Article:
Thursday, February 16, 2012

Pet Urine Staining and Odors by Laura Bacon

Urine Staining and Odors

Let’s face it – life is messy! When the unexpected happens, and your canine or feline companion eliminates in the house, are you prepared?
Dr. Laura Bacon and her dogs
While I’d like to think my pets have never had an accident in the house, just between us, I will admit that it has happened (shh- don’t tell my husband). Between raising puppies, the occasional indiscriminate eating of who knows what from the yard, the periodic hairball, and living with my special Sydney dog who had chronic kidney failure – my house has taken a little beating over the years.

Because I am also a bit of a neat and clean freak, and now with having a baby and a toddler in our house, proper cleaning is essential to me. I want to remove the urine residue and help sanitize any areas where my pets may have had an accident. Without proper cleaning, it is very hard to remove pet urine odor from carpets, clothing and upholstery. 

Cleaning hard surfaces is straight-forward – wipe up the mess, and then treat the area with an enzymatic product that will break down the urine. The product that I have had the most success with is Nature's Miracle Stain and Odor Remover

Here are a couple of links to it:

You can get it at many pet supply stores, at some veterinary clinics, or on-line from stores such as Amazon. You can also treat throw rugs and clothes with this by soaking them in the product and then washing well with a good detergent. (I also like Odor Mute C powder that you can mix up as strong as you need and use in laundry etc.)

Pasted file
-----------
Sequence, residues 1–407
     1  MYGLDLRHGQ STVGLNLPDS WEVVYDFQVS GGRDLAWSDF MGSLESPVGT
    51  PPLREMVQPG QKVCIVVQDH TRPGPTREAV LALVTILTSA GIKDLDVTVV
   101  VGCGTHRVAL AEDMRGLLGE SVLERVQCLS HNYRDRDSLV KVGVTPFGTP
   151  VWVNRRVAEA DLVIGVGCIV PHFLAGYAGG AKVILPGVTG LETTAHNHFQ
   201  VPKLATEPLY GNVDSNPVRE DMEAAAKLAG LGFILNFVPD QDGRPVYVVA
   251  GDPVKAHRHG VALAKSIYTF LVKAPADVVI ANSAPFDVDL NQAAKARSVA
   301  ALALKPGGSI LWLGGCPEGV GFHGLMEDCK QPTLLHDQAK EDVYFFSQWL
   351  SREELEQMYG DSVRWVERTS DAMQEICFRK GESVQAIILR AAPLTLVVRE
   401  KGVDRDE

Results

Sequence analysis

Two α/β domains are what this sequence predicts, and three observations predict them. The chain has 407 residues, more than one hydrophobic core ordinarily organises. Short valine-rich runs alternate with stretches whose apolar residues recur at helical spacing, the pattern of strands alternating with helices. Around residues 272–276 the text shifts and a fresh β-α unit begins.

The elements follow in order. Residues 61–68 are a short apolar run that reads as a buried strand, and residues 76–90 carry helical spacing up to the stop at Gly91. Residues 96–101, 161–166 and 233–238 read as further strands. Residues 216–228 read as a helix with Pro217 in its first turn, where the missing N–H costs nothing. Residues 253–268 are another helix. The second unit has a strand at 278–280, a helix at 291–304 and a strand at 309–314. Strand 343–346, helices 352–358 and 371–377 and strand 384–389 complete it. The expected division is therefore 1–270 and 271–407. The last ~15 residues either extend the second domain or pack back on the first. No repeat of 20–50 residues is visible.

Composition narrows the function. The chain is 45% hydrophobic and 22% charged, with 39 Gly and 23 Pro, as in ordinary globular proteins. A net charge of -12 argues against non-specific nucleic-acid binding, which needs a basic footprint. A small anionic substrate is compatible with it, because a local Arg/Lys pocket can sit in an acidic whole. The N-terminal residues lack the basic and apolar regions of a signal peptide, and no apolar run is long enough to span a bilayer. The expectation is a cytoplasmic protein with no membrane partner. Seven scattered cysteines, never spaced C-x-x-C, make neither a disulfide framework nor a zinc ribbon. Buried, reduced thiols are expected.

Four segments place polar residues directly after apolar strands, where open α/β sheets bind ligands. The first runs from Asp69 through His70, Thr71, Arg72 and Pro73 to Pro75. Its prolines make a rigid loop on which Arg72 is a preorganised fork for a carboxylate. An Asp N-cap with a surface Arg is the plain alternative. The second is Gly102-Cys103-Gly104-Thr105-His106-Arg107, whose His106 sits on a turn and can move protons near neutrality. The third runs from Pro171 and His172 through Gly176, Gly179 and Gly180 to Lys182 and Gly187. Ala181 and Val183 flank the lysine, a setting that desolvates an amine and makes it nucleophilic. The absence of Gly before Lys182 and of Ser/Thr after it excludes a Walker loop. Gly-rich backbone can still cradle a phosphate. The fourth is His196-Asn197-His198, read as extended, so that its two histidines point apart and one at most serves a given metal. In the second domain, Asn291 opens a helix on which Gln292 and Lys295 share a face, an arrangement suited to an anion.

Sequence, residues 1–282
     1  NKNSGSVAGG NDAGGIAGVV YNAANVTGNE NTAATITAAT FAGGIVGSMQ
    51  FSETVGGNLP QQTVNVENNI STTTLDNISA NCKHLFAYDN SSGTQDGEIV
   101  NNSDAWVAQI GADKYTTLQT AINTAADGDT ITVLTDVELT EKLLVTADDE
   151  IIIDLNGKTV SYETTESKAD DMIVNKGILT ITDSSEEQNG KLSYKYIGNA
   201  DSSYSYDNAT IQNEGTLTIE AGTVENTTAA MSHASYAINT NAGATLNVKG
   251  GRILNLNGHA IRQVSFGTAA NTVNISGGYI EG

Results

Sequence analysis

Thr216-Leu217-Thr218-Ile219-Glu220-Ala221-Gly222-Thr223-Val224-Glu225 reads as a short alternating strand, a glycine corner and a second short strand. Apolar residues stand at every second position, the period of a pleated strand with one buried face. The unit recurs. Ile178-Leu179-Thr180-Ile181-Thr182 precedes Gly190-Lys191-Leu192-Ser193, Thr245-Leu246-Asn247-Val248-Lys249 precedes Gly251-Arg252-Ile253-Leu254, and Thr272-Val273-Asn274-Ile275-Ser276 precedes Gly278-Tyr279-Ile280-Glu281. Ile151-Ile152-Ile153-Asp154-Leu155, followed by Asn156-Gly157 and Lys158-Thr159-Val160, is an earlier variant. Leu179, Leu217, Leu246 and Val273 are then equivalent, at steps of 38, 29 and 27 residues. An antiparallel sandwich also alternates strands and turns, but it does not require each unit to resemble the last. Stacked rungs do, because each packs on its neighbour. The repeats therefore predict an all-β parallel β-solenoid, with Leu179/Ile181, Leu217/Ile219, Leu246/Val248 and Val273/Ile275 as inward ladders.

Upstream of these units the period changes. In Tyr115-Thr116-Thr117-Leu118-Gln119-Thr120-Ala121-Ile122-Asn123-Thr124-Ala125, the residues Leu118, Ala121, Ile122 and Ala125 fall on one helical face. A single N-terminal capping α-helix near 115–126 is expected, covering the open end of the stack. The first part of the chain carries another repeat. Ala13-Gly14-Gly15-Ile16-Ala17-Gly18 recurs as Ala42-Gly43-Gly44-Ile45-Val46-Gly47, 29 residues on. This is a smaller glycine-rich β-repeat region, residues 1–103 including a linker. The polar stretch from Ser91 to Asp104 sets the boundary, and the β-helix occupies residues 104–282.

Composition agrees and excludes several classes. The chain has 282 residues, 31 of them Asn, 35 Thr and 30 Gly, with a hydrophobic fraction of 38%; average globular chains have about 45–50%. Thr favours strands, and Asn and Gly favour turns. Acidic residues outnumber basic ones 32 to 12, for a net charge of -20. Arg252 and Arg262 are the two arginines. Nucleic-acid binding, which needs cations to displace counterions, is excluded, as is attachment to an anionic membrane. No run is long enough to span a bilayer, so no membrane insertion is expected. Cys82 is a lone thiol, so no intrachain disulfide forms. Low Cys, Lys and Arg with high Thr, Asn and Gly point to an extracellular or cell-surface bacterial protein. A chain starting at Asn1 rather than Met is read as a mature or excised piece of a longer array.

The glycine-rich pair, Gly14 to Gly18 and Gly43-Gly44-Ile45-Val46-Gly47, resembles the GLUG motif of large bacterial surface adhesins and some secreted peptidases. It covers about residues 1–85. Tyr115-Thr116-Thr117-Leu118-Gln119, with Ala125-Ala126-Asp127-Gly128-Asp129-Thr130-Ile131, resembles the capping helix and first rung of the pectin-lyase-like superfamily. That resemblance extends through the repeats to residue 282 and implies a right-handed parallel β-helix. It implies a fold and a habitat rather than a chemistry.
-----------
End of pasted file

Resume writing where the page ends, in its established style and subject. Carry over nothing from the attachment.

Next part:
Treat the hard surface as directed with the Nature’s Miracle. After this step, I like to follow with a good disinfectant, like Lysol, just to be on the safe side. Lysol does need to sit for several minutes in order to properly disinfect – again, read the instructions on your product.

It’s important, when using an enzymatic cleaner, that you use it FIRST, prior to using any type of detergent or cleaner. The detergents / soaps will inactivate the enzymes, rendering in useless. Residues in the carpet can also affect its performance.

For carpets – remove feces if present. If urine, blot up all you can. Then, place a stack of paper towels under something heavy, like a book, and leave over the area for several hours to absorb as much liquid as possible. Follow with your enzymatic cleaner as directed. It may need to be repeated. Use liberally.

You can use a carpet cleaner with plain hot water, also, to dilute out the urine and extract it from the rug.

I like to follow with my Shark steam mop with the carpet feature – blasting the area with steam to help sanitize.

If you are not sure where there might be urine staining, you may want to consider purchasing a black light (ultraviolet light) to help find any urine located in your home. It's a bit like the TV show CSI - you turn out the lights at night and use the black light to look around your home. Check the couch, the carpets, your bed and your clothes. If something glows it is probably animal urine – or who knows what – that should be cleaned.

Here are some links to black lights:

Happy cleaning!

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Knoxville, Tennessee 

(865) 309-5665

Dr. Bacon services the Greater Knoxville Area, including Farragut, Lenoir City, Oak Ridge, Clinton, Luttrell, Maryville, Sevierville, and Dandridge.

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